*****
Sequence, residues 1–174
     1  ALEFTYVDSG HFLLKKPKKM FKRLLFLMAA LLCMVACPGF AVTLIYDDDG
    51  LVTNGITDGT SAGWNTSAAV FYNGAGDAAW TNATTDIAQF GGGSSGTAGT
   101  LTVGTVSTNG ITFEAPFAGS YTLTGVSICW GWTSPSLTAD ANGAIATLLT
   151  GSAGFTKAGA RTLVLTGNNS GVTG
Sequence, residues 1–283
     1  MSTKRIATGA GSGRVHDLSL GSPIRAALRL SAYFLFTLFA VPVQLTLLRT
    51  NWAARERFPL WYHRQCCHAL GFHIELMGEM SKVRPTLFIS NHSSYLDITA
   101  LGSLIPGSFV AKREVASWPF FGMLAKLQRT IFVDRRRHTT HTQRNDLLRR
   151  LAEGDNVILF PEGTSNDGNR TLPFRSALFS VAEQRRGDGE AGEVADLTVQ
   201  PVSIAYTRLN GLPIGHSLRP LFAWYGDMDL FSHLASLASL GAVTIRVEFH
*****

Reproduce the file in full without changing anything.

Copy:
Sequence, residues 1–174
     1  ALEFTYVDSG HFLLKKPKKM FKRLLFLMAA LLCMVACPGF AVTLIYDDDG
    51  LVTNGITDGT SAGWNTSAAV FYNGAGDAAW TNATTDIAQF GGGSSGTAGT
   101  LTVGTVSTNG ITFEAPFAGS YTLTGVSICW GWTSPSLTAD ANGAIATLLT
   151  GSAGFTKAGA RTLVLTGNNS GVTG
Sequence, residues 1–283
     1  MSTKRIATGA GSGRVHDLSL GSPIRAALRL SAYFLFTLFA VPVQLTLLRT
    51  NWAARERFPL WYHRQCCHAL GFHIELMGEM SKVRPTLFIS NHSSYLDITA
   101  LGSLIPGSFV AKREVASWPF FGMLAKLQRT IFVDRRRHTT HTQRNDLLRR
   151  LAEGDNVILF PEGTSNDGNR TLPFRSALFS VAEQRRGDGE AGEVADLTVQ
   201  PVSIAYTRLN GLPIGHSLRP LFAWYGDMDL FSHLASLASL GAVTIRVEFH